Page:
A few weeks ago I went inside a mud-brick hut in a remote Guatemalan village and knelt beside a sick old woman who hasn't walked for months. I had traveled to Guatemala with 20 Americans to host a conference, and we watched God perform miracles. But the image from the trip that stuck with me the longest was of this two-room house that had an outdoor fireplace for cooking and no running water.
The old woman thanked us in Spanish as she lay on a cot close to the dirt floor. "You have done what Jesus asked," she said, faintly smiling. "You have visited the sick."
Pastor Morales, my host that week, clasped the woman's bony wrist and wept as he prayed for her pain to subside. Then he made an observation I will never forget.
"Of all the things we need in this village," he told us, "what we need most is more love."
I had come to visit the poor, but in that moment Jesus visited me. I grabbed a post next to the wall, turned my head and began to sob. I didn't understand it then, but the compassion of Christ was welling up inside me and spilling out.
It was painful, but it felt good. When it was time for us to leave I walked outside, scooted the chickens out from under my feet and wiped away my tears. From that point I felt as if I were seeing through new eyes. My love--which had grown cold over time--had been reheated in a crude house with no kitchen.
I returned from Guatemala with a simple realization: Real Christianity is about being a channel of God's selfless, agape love. If I want to be a minister of Jesus, then my love needs to be at the right temperature.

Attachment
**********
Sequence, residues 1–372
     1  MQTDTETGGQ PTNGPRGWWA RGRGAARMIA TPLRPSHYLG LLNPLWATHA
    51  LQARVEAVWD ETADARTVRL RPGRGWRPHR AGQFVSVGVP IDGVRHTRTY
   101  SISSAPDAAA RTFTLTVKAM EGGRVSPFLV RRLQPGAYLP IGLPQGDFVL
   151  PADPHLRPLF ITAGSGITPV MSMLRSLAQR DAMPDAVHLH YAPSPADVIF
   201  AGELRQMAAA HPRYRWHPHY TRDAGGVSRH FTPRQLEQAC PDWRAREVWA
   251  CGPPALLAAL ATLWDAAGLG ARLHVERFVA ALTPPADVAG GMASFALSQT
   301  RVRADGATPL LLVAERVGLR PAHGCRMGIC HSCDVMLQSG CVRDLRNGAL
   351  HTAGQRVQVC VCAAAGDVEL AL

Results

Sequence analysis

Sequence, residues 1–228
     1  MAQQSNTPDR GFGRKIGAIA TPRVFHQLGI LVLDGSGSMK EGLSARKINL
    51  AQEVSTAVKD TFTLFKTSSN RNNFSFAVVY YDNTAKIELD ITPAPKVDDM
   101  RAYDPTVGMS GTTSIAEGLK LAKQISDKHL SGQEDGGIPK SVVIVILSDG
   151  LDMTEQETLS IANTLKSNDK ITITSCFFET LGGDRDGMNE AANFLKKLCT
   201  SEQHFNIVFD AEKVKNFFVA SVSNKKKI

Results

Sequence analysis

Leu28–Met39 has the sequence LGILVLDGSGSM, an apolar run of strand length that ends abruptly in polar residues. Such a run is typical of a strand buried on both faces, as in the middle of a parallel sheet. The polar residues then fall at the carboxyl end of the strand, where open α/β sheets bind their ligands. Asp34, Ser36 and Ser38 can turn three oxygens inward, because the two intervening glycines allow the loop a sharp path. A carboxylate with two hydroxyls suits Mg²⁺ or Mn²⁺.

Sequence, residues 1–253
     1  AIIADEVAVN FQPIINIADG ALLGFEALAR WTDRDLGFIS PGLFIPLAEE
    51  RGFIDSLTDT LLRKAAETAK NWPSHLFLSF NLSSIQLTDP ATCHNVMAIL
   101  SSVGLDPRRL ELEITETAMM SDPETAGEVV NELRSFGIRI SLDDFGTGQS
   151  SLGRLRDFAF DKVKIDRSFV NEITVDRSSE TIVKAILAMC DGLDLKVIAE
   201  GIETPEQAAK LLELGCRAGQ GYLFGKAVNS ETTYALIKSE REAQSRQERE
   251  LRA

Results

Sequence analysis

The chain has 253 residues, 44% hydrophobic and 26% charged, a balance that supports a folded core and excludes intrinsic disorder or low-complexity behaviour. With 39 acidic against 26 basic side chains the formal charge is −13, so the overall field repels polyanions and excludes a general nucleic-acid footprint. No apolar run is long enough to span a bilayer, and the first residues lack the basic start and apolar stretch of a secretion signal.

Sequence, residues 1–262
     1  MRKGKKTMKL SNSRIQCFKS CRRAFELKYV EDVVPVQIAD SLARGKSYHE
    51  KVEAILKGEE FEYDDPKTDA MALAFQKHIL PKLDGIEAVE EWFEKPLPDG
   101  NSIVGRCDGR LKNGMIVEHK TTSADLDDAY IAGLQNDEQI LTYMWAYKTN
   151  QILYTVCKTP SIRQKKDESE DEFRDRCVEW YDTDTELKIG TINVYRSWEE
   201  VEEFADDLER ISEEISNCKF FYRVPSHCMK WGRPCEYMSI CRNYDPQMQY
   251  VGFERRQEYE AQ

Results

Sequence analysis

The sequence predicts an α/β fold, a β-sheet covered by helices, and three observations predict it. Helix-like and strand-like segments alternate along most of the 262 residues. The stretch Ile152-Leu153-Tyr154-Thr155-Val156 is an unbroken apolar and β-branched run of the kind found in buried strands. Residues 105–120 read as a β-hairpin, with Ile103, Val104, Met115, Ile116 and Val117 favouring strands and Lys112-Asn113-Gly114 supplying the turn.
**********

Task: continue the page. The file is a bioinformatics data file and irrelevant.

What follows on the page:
Although the Bible says that loving God and people should be our top priority, we tend to focus on secondary issues. Many of us major in faith, miracles or our favorite pet doctrines, yet the New Testament says that if we don't have love we are just making a lot of useless racket (see 1 Cor. 13:1-3).
The core of the gospel message is not about church-growth strategies, faith formulas, spiritual-warfare techniques, religious dress codes or the latest revelations about the end times. Why do we complicate what is so simple?
Lately I've watched respected church leaders fight each other, break fellowship over nonessential theological points, take each other to court, flippantly divorce their wives, assassinate each other's character and engage in cutthroat competition for money and influence. Then they go on stage and teach people how to hear God's voice and experience miracles.
Loveless Christianity is a counterfeit. When we preach the gospel without the love of God, we stage our own noisy gong show.
It's time for a love revival. If your love has cooled, check your heart for resentment. If you're holding a grudge, let it go. If you've judged someone, pray for them the next time you are tempted to criticize.
If you have broken fellowship with a Christian brother or sister, swallow your pride and make things right. If you need to make a private confession or a public apology, don't wait any longer.
And if you really want God's love to melt your heart, I suggest you pray for an orphan, a widow, a prisoner or anyone who's sick, poor, lonely or discouraged.
If you run out of ideas, I can offer directions to a little mud hut in Guatemala.